Canon PowerShot SX740 HS Review
Canon PowerShot SX740 HS Introduction
Canon have updated their new superzoom travel compact camera for 2018/19, the PowerShot SX740 HS, by adding UHD 4K video recording and faster 7.4fps burst shooting, thanks to the inclusion of the latest Digic 8 processor. In all other regards the SX740 is virtually identical to its predecessor, the SX730 model. It features the same 20.3 megapixel 1/2.3-inch CMOS sensor, 40x optical zoom lens which is equivalent to 24-960mm in 35mm terms, tilting-screen which is useful for taking selfies, and Bluetooth and Wi-fi connectivity. The Canon PowerShot SX740 HS is available in black or silver and retails for £399 / $399.
Ease of Use
Canon have updated the PowerShot SX740 HS for 2018 by incorporating the Digic 8 processor, which has two main benefits. It increases the burst shooting speed from 4.6fps with AF on the previous model to 7.4fps on the new one (or 10fps with the focus locked at the first frame), and it adds the ability to record video in UHD 4K quality at 30/25fps.
Other than a couple of very subtle labelling changes to the exterior, the SX740 and SX730 models are otherwise identical, so we'd suggest that the sole reason for picking the latest and greatest version is the 4K video, which ensures that the SX740 can compete with similar cameras from other manufacturers. The SX740 is actually the first PowerShot camera to feature 4K video, and one of the few Canon cameras full-stop to offer it. Together with the 40x zoom lens and 5-axis image stabisation system, it's possible to capture some excellent 4K footage.
|Front of the Canon PowerShot SX740 HS|
The Canon SX740 HS, like the SX730 before it, is an impressively slim camera considering the 40x optical zoom lens that it houses. On the front of the camera is a slightly protruding grip which has a rubberised texture on part of it to help it feel secure in your hand. Despite the big lens, you can still comfortably fit the camera into your pocket.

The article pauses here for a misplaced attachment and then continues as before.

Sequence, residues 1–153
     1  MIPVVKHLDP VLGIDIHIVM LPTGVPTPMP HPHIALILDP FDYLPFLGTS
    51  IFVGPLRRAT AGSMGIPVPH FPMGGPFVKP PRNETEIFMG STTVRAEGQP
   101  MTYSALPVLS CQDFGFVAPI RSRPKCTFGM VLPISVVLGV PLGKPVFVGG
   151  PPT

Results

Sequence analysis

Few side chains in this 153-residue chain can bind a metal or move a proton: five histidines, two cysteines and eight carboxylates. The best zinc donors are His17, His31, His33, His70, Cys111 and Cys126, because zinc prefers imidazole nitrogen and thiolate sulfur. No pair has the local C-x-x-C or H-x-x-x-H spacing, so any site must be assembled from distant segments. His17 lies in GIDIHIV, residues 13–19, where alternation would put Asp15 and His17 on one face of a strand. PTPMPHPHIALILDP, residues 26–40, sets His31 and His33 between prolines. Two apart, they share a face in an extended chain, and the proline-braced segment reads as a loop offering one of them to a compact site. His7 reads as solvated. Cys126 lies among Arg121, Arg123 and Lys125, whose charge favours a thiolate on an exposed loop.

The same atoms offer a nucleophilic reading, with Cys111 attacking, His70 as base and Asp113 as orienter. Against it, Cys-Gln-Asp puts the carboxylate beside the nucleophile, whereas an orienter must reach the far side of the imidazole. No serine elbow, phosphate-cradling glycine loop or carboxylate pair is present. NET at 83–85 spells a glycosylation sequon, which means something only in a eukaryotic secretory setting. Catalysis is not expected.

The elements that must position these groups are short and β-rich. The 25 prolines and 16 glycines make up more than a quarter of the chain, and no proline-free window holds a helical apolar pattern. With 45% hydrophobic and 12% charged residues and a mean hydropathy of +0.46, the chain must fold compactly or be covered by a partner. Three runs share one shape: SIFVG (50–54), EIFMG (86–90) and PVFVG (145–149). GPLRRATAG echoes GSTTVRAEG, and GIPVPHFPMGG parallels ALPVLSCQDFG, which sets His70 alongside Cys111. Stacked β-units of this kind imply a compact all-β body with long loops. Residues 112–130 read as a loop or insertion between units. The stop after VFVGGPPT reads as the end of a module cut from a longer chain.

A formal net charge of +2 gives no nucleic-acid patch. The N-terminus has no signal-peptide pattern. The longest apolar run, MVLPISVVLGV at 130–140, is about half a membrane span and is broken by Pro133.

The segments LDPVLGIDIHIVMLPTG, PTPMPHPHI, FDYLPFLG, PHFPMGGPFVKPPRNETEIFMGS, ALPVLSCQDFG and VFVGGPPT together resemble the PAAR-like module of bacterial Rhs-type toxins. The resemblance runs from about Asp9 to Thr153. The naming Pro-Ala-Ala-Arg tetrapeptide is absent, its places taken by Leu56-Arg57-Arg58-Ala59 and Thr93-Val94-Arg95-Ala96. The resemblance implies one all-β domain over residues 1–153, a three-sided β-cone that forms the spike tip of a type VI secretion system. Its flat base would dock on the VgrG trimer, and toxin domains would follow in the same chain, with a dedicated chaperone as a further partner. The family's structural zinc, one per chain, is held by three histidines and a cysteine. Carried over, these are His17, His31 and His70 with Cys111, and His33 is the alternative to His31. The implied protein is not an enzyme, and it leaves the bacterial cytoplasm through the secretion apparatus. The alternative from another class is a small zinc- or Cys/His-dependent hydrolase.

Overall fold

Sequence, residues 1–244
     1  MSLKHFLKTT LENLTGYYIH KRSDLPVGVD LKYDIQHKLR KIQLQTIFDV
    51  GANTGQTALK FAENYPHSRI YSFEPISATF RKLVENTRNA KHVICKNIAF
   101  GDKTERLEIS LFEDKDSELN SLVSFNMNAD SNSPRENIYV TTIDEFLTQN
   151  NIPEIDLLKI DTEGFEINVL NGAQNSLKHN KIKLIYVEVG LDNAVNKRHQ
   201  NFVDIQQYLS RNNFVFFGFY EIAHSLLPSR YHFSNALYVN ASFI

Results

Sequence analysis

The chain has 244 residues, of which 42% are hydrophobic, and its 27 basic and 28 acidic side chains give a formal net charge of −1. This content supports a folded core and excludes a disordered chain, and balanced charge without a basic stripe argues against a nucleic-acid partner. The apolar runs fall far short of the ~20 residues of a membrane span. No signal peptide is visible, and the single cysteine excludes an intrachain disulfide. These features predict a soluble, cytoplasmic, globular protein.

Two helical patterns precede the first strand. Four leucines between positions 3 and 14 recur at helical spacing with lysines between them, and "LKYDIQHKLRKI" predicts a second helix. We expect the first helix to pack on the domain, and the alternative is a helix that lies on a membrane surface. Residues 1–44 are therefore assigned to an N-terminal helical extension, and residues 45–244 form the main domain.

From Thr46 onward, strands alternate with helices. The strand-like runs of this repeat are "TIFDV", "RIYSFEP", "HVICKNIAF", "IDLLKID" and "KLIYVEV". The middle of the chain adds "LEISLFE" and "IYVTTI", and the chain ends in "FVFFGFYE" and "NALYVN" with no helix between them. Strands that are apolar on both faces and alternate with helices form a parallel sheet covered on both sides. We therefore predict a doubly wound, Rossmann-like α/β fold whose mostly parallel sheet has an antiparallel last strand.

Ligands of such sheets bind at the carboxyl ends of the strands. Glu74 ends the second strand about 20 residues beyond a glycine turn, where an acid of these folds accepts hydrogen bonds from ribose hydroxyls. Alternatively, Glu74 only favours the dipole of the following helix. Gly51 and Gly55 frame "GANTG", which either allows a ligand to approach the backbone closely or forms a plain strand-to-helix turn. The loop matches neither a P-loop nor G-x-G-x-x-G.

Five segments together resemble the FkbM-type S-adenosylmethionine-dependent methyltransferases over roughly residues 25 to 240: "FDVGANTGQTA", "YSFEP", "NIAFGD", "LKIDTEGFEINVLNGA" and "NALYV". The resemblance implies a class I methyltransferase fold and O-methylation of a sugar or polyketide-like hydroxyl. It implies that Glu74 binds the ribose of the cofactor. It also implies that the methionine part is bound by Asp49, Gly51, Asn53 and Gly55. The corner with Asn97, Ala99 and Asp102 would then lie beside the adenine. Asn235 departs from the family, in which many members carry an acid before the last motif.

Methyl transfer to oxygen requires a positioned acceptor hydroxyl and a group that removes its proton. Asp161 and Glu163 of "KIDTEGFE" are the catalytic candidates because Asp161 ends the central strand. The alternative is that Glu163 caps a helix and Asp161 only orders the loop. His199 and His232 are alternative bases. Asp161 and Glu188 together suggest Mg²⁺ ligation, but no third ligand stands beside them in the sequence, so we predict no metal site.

On top of the Canon PowerShot SX740 HS is the shutter release, which is surrounded by the zoom switch. It feels reasonably sturdy, and zooming the lens in and out is quite a fluid movement - being neither too quick nor too slow. There’s also a video record button and an on/off switch. It can be all too easy to press the video record button when you’re first getting used to the camera, but Canon has placed them reasonably apart enough to get used to knowing where each one is.
A dedicated shooting mode dial is also located on top of the Canon SX740 HS. Enthusiasts will be pleased to see a full range of semi-automatic and manual modes, such as aperture priority and shutter priority. There’s also of course a full complement of automatic options, including the interesting “Hybrid Auto” mode. This mode works by capturing a 2-second video before each shot is taken and compiling them together at the end of each calendar day. It can be great for holidays and events where you get a bonus video to accompany your images - on the downside, you can’t edit what appears in the video, which would be even better.
|Front of the Canon PowerShot SX740 HS|
Selfie mode takes advantage of the tilting LCD screen. This is found on the mode dial, and allows you to change the background blur and the amount of skin smoothing you want to apply to your image. You can apply skin smoothing in other modes, too, if you like, but it’s directly accessible here. Also on top of the camera is the camera’s flash which you need to use a small catch on the side of the camera to release when you want to use it.
On the back of the Canon PowerShot SX740 HS, the buttons are grouped to the right hand side, which is beneficial if you’re using the camera one handed. The buttons are perhaps a little on the small side, which is something to consider if you have particularly large hands. They’re also slightly cramped together, which can make things a little awkward at times.